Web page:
Re: Pier design and sand

Joe Zeglinski


The other benefit, I was considering, is that it can be sawn to length,
with some work. However, you can do a deal with a contractor doing road work,
and he will cut one evenly, to your requirements, using his machinery - you
might even get the pipe cheaper than from the dealer (who might not want to
sell you just one). I think they are standard 10 foot long, too much to bury.
You can also decide if you want the bell-swaged wider end up, for an inlaid
(wooden ?) plug/mounting-plate/pier vibration reducer - or swaged end down, to
have a slightly wider footing 4 feet down.


----- Original Message -----
From: "Murray Hammick" <mphammick@...>
To: <ap-gto@...>
Sent: Wednesday, October 31, 2007 5:29 PM
Subject: Re: [ap-gto] Re: Pier design and sand

The bending can be captured using strain guages (gages for US speakers)

Would anyone be prepared to give all of this a go ?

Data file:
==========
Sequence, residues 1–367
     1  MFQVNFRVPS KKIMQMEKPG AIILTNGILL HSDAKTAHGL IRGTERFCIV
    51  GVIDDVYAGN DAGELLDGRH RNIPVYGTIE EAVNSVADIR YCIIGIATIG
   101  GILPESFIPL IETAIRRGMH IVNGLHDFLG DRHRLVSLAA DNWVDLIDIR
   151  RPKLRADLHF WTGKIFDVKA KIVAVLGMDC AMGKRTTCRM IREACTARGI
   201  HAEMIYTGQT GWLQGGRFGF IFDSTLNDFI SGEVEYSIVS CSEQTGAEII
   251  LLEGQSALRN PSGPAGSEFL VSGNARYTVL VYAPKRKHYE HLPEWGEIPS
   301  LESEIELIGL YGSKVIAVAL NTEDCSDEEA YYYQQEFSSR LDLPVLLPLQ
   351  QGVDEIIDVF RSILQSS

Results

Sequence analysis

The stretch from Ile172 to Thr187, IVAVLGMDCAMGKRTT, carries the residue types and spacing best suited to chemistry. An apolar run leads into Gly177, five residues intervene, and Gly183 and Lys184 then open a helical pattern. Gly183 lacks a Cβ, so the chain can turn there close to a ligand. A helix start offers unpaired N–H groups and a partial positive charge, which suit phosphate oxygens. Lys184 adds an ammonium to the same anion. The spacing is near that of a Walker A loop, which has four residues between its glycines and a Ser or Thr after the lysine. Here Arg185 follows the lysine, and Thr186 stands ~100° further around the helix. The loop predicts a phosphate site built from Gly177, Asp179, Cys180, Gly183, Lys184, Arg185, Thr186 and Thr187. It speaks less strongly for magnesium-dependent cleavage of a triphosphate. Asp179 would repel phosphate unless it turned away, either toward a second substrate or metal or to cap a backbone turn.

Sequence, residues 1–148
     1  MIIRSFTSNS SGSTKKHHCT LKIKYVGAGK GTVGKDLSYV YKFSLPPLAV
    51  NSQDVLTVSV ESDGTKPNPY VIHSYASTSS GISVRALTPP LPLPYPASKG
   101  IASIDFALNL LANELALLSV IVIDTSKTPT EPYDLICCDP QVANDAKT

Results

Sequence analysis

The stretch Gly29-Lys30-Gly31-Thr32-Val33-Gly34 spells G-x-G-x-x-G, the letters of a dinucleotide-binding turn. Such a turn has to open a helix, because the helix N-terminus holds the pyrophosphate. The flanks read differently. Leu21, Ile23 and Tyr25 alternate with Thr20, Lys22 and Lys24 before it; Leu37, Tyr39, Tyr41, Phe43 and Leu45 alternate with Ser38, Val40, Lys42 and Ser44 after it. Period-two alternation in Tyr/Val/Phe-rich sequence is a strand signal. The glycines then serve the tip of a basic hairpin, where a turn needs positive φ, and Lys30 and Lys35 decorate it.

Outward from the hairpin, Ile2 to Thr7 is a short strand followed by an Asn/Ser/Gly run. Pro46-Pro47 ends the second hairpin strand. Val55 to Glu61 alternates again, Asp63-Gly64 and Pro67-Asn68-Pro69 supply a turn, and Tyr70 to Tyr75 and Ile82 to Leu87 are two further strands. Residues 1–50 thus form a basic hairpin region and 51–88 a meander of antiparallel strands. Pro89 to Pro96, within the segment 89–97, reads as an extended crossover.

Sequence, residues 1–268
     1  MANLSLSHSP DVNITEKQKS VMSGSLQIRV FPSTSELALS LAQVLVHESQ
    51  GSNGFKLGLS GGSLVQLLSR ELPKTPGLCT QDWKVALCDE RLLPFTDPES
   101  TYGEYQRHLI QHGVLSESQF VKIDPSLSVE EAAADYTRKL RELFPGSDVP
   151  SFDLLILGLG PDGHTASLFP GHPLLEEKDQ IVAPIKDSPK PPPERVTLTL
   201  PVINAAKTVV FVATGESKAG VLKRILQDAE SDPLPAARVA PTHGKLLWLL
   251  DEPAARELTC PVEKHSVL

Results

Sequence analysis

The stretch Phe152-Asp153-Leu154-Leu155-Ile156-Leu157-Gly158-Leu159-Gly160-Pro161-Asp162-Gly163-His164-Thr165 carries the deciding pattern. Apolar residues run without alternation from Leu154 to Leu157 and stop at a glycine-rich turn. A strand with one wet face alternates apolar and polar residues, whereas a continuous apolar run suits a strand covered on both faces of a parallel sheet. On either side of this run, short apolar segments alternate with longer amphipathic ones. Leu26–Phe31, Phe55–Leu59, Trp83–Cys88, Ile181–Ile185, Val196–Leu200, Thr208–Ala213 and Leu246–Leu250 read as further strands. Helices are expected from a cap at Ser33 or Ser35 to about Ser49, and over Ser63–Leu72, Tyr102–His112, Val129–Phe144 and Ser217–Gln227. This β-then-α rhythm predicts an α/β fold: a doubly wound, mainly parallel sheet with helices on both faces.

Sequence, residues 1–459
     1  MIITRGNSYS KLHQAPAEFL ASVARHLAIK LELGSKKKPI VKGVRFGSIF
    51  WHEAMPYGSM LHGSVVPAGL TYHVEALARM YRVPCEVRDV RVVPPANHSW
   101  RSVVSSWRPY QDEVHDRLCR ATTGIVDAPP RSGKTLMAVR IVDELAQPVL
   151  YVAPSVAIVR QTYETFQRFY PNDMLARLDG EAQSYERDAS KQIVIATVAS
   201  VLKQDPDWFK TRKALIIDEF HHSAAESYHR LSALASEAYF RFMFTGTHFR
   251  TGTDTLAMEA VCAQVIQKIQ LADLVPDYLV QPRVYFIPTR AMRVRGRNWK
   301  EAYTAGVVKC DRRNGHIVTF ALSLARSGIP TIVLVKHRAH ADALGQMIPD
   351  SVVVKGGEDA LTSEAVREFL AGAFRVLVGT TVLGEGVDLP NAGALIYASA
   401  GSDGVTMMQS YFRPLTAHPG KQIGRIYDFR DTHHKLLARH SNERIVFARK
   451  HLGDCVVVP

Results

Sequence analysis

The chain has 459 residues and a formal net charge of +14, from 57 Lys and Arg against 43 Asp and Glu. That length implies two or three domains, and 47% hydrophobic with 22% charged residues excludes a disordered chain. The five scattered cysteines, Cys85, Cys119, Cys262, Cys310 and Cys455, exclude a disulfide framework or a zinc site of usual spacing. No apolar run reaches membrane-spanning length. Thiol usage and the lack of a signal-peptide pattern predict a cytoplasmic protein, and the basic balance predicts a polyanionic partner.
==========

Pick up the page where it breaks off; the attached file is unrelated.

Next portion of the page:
I liked the idea of the 10" concrete drain pipe - I cannot see that bending
very much. Its a quicker and possibly cheaper alternative to constructing a
reinforced concrete pillar.


"N. Foldager" <nf@...> wrote: > If
the Petrie dish has value, then it is far simpler to attach a mic to
the side of a pier, and plug the mic output into your laptop audio port.
I question the "Petri method" as I don't think it for sure can
discriminate between the bell like oscillations (which we don't care
about) and the bending oscillations. (Or can it? The frequency of
latter should be much lower.) I believe that a microphone attached to
the pier will only record the "sound of the bell", not the bending of
the pier.

Best regards,

Niels Foldager

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